**Normal distribution**

The Normal distribution is depicted in ** image0 **with mean 0, the center of the curve, and different kinds of standard deviation that modify the shape of the bell. For more information about this distribution, look at chapter 2.2.3 Normal Distributions & Normality

In ** image0.1, **you can look at the probability formula of the normal distribution.

**Lognormal distribution**

The Lognormal distribution is often used to count the time duration, for example, measuring the time where the process is down. If you look at * image5*, you have multiple plots of the lognormal distribution, and it always has a positive skew, which means that the tail is on the right of the image. Like the normal distribution, the mean and the standard deviation define the aspect of the curve.

In ** image5.1**, you can look at the probability formula of the lognormal distribution.

Exponential Distribution

The Exponential Distribution is used to describe the time between two events in a process where each event is indipents and occurs at a costant avarage rate. In the ** image8 **you can look the exponential distribution with different rate.

Example: How much time pass before a component breakdown if we have a rate of 0.5? In the, on the x-axis, you have the amount of time; more is the time, less is the probability.image8

In image8.1 you can look at the formula of the probability distribution.

where:

- Lambda is the rate of the events that occurs.

**Chi-Square distribution**

The Chi-Square distribution* *with K degree of freedom (df) is the sum of the squares of K independent standard normal random variables. It can be used to test a population’s variance against a known conflict or to look if an observed distribution fits a theoretical one. In ** image7, **we look at the chi-square distribution with different degrees of freedom.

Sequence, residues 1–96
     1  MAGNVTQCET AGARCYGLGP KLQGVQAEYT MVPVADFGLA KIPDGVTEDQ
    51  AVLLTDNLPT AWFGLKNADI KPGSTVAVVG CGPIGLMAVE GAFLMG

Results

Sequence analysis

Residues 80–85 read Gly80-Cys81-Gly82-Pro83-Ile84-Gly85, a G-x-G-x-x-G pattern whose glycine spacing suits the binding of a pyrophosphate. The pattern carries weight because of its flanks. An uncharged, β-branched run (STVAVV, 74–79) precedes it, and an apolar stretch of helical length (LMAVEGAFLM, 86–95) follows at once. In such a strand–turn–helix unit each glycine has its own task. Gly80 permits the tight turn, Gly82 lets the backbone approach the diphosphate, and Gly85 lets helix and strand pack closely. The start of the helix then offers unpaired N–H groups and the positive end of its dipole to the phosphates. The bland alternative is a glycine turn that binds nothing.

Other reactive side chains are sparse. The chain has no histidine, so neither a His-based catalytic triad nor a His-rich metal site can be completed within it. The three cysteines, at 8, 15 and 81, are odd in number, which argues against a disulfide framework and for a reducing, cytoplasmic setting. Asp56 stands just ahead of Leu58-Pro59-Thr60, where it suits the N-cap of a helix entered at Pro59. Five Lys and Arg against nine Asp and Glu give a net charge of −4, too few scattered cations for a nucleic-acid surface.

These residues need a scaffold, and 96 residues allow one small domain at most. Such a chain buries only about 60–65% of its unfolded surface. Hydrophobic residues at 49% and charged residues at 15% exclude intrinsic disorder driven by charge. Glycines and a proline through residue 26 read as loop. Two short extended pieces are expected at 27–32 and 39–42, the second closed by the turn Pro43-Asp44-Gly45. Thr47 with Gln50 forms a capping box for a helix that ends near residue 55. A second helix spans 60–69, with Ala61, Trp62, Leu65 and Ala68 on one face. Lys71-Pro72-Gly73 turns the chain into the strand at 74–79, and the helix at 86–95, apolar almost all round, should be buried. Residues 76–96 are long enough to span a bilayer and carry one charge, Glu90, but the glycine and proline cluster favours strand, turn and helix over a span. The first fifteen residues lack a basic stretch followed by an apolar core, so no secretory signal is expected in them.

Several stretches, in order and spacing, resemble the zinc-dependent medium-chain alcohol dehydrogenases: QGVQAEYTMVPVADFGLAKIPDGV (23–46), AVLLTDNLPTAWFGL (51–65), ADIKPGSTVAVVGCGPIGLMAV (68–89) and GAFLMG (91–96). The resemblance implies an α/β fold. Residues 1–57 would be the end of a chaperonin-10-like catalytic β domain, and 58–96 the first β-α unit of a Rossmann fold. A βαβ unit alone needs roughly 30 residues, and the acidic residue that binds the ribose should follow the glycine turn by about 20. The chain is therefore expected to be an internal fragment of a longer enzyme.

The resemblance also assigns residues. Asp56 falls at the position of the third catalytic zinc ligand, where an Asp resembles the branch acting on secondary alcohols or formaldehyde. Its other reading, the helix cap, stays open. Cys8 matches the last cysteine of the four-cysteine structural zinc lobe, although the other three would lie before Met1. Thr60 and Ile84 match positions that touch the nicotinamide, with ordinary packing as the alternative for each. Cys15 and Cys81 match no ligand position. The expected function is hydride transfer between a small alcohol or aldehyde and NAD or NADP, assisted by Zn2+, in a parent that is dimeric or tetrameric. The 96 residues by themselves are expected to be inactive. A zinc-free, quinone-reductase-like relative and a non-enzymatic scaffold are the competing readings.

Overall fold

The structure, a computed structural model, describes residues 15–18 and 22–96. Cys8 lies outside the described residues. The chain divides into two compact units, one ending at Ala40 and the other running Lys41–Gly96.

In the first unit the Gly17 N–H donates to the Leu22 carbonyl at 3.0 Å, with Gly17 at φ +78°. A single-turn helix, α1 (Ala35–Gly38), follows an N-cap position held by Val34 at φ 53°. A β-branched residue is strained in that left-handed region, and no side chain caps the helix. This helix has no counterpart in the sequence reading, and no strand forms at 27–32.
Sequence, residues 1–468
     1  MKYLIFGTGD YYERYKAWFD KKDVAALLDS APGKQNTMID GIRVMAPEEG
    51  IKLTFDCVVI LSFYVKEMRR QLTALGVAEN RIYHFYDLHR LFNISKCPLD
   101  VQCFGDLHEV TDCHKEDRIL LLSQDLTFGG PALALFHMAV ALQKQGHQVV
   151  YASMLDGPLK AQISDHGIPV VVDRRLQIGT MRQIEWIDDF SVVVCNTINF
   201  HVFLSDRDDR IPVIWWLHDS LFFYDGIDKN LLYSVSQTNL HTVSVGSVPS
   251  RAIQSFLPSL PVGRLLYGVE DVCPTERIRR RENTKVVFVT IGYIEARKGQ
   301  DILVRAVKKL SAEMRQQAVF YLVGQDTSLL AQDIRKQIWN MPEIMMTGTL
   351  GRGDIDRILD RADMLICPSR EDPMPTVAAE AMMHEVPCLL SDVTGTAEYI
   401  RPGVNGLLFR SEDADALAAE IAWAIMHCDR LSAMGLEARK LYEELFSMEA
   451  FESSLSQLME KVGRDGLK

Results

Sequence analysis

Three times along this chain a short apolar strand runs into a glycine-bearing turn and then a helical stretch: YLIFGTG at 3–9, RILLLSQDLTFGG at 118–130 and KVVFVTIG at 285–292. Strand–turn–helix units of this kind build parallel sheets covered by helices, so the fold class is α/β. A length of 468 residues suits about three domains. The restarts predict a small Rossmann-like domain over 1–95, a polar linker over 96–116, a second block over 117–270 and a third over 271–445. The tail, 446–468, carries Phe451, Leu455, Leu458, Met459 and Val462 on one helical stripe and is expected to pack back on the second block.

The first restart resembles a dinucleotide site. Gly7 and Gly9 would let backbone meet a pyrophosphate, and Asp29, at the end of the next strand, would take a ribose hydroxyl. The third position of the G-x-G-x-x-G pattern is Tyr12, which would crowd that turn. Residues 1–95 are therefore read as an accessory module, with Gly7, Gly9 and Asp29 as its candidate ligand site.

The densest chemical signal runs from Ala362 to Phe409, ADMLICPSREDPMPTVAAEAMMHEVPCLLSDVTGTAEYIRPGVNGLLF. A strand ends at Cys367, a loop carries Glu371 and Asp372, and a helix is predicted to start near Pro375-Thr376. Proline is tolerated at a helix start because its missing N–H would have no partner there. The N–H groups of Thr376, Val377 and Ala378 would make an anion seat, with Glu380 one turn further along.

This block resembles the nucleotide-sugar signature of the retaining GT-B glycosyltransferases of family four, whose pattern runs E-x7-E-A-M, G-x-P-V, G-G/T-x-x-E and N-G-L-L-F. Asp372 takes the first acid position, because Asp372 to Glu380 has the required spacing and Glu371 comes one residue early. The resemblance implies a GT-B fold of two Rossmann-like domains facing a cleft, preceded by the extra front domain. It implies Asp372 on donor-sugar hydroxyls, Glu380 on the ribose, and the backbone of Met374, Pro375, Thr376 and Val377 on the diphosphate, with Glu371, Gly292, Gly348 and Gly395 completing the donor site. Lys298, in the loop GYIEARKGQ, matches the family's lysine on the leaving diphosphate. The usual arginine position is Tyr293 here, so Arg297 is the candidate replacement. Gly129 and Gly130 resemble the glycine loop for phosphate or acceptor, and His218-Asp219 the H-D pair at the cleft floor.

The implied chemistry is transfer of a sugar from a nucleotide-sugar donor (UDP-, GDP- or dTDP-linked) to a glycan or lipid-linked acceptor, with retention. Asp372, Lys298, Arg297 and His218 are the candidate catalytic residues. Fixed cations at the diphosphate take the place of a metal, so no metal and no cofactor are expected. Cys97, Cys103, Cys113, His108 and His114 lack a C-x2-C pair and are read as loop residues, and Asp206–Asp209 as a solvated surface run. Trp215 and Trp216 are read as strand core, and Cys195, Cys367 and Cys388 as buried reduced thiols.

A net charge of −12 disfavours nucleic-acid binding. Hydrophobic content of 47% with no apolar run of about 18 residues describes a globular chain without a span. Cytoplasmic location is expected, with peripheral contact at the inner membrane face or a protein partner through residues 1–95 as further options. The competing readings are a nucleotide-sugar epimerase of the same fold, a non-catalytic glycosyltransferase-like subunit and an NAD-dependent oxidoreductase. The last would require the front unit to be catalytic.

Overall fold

**We will look more about this distribution in the chapter about the Hypothesis Test.**

**F Distribution**

The F distribution** **is used to test the variance from two normal populations independent of each other. You can look at the probability distribution representation in ** image6**.

The F distribution is also related to the chi-square distribution representing the ratio of two chi-square distributions with two different degrees of freedom (df1 and df2), as shown in ** image6.1**.

where:

**df**is calculated with n_{1}_{1}-1, where n_{1 }is the number of samples in X_{1}**df**is calculated with n_{2}_{2}-1, where n_{2}is the number of samples in X_{2}

**This formula isn’t the probability formula; it only looks at how the distribution is composed.We will look more about this distribution in the chapter about the Hypothesis Test.**

T-student distribution

The T-Student distribution is used when you’re estimating the mean of a normally distributed population in situations where the sample size is small (n<30) and the population’s standard deviation is unknown. In the ** image9.1 **you can look how the T-Student is composed:

where:

**df**is the degree of freedom;**Z**and**K**are two independent variables, where Z is a normal standard distribution and K is a chi-squared distribution with df degree of freedom.

** This formula isn’t the probability formula; it only looks at how the distribution is composed.**

**We will look more about this distribution in the chapter about the Hypothesis Test.** ** **

The degree of freedom (df) is the number of samples less than one. In the ** image9, **you can look at the plot of the t-student distribution at different df values.